Performances are strong all around, with multilingual Indian star Koechlin (“Shaitan”) so convincing that those unfamiliar with her work elsewhere may well assume the filmmakers found a suitable actress with cerebral palsy. Design contributions are solidly pro without being conspicuous, a wise choice for a movie that deftly packs in so much story it doesn’t need any distracting stylistic filigree.

Film Review: 'Margarita, With a Straw'

Reviewed at Palm Springs Film Festival (World Cinema Now), Jan. 10, 2015. (Also in 2014 Toronto, Busan, London film festivals.) Running time: 100 MIN.

Production: (India) A Viacom 18 Motion Pictures and Ishan Talkies production in association with Jakhotia Group and Adapt. (International sales: Wide Management, Paris.) Produced by Shonali Bose, Nilesh Maniyar, Ishan Talkies.

Crew: Directed by Shonali Bose. Screenplay, Bose, Nilesh Maniyar. Camera (color, widescreen, HD), Anne Misawa; editor, Monisha Baldawa; music, Mikey McCleary; lyrics, Prasoon Joshi; production designer, Somenath Pakre, Prasun Chakraborthy; costume designers, Niharika Bhasin, Maria Tharakkan, Nikia Nelson; sound, Resul Pookutty, Amrit Pritam; casting, Maniyar, Adrienne Stern.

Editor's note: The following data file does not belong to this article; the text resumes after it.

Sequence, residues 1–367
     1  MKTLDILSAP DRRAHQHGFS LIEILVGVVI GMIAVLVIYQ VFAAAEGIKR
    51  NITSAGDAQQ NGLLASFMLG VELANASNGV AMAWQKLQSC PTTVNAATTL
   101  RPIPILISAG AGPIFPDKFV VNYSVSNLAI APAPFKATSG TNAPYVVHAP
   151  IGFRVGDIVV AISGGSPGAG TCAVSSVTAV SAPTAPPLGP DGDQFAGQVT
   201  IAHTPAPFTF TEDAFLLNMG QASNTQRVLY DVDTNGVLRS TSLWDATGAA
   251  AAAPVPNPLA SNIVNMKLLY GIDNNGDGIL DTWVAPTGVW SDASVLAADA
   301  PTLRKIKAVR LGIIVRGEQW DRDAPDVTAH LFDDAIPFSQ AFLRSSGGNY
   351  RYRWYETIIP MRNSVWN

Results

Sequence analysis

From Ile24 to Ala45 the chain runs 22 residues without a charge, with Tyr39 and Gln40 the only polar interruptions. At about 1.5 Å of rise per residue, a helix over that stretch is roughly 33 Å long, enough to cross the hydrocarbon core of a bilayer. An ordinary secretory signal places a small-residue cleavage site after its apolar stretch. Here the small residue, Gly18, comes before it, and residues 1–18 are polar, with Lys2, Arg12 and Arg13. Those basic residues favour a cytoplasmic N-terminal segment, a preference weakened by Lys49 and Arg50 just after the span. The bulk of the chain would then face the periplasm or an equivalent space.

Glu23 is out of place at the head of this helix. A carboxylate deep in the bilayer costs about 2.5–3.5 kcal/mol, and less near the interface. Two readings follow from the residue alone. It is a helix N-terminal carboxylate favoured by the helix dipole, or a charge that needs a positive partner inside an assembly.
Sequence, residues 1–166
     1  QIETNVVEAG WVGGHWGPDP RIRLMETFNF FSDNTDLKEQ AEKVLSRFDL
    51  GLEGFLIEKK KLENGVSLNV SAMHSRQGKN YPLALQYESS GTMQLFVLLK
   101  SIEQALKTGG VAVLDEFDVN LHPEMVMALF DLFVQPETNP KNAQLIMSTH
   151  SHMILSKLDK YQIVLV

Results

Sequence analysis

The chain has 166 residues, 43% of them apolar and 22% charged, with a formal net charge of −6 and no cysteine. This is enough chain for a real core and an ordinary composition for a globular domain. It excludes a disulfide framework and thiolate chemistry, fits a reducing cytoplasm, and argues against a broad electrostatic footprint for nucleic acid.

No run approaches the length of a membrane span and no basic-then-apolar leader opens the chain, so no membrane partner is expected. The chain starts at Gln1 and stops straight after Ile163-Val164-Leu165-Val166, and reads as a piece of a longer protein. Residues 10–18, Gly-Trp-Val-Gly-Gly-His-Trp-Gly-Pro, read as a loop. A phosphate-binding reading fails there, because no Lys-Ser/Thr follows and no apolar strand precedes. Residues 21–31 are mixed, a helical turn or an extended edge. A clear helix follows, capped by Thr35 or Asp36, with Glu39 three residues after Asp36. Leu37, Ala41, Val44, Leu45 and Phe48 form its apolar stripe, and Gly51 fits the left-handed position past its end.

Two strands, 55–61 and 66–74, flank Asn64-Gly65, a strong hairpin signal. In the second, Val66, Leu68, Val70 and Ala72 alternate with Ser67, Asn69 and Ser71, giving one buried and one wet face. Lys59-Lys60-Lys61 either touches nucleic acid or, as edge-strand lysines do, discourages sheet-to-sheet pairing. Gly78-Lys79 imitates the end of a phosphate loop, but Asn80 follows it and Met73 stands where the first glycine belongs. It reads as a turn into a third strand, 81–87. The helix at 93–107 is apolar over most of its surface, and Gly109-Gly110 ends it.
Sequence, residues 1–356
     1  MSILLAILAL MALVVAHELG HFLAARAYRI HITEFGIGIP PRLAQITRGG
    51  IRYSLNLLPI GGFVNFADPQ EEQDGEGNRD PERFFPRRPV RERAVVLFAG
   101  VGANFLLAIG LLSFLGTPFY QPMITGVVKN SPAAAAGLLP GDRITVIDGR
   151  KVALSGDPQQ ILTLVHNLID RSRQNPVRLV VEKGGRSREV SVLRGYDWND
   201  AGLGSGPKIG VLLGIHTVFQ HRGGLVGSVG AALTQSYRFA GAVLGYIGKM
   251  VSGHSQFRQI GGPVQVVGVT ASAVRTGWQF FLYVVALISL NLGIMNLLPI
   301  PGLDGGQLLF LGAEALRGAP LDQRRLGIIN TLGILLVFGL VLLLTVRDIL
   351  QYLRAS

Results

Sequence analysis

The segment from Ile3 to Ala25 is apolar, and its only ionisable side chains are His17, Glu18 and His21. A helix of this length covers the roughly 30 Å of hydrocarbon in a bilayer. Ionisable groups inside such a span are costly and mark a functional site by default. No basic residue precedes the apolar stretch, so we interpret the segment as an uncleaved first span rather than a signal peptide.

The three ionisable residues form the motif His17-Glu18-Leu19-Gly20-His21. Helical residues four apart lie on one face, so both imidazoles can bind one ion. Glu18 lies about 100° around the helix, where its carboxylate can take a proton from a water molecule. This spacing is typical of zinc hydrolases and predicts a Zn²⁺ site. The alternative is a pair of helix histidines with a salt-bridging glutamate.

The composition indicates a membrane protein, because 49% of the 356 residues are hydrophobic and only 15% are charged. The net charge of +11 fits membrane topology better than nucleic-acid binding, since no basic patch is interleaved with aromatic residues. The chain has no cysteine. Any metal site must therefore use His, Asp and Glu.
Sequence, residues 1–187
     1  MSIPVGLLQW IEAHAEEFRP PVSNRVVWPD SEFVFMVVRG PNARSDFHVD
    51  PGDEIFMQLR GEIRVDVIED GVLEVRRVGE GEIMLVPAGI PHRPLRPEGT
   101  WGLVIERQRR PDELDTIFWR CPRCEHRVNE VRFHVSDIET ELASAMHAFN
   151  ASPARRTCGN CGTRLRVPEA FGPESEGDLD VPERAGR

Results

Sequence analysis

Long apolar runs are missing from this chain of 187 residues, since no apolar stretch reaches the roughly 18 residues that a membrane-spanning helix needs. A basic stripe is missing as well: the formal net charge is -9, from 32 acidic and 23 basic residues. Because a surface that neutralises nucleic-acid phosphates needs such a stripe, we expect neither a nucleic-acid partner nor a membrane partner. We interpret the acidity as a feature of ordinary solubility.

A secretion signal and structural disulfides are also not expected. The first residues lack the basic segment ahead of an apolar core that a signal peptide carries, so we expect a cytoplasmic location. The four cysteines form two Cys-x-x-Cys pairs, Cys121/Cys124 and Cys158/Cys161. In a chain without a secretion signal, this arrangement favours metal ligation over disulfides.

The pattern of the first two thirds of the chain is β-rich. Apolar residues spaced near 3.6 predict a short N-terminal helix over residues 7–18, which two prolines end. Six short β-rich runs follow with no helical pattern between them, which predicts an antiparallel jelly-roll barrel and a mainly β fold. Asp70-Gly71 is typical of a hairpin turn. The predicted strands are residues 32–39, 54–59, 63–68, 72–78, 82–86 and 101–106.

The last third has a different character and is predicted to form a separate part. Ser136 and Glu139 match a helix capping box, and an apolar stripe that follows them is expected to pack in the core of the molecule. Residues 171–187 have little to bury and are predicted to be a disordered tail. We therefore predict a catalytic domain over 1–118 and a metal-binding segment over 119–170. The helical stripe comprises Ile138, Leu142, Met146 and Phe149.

With: Kalki Koechlin, Revathy, Sayani Gupta, William Moseley, Hussain Dalal, Kuljeet Singh, Malhar Khushu, Tenzin Dalha, Shuchi Dwivedi, Jose Rivera. (Hindi, English dialogue)

More Film

  • Zoe Lister-Jones The Craft

    'The Craft' Remake Finds Director in Zoe-Lister Jones

    “Life in Pieces” star Zoe Lister-Jones will write and direct Sony Pictures’ remake of “The Craft” for Blumhouse and Red Wagon Entertainment. Doug Wick, the producer of the original “The Craft,” will return in the same capacity along with partner Lucy Fisher through their Red Wagon banner. Jason Blum is also producing and his Blumhouse [...]

  • Carol Burnett

    Carol Burnett's Mother-Daughter Story 'Carrie and Me' in Development as a Movie

    Carol Burnett’s bestseller “Carrie and Me: A Mother-Daughter Love Story” is in the works as a movie at Focus Features with Burnett, Tina Fey, Eric Gurian, and Steven Rogers producing. Burnett will produce through her Mabel Cat Productions with Fey and Gurian under their production banner Little Stranger along with Rogers (“I, Tonya”). The sibling [...]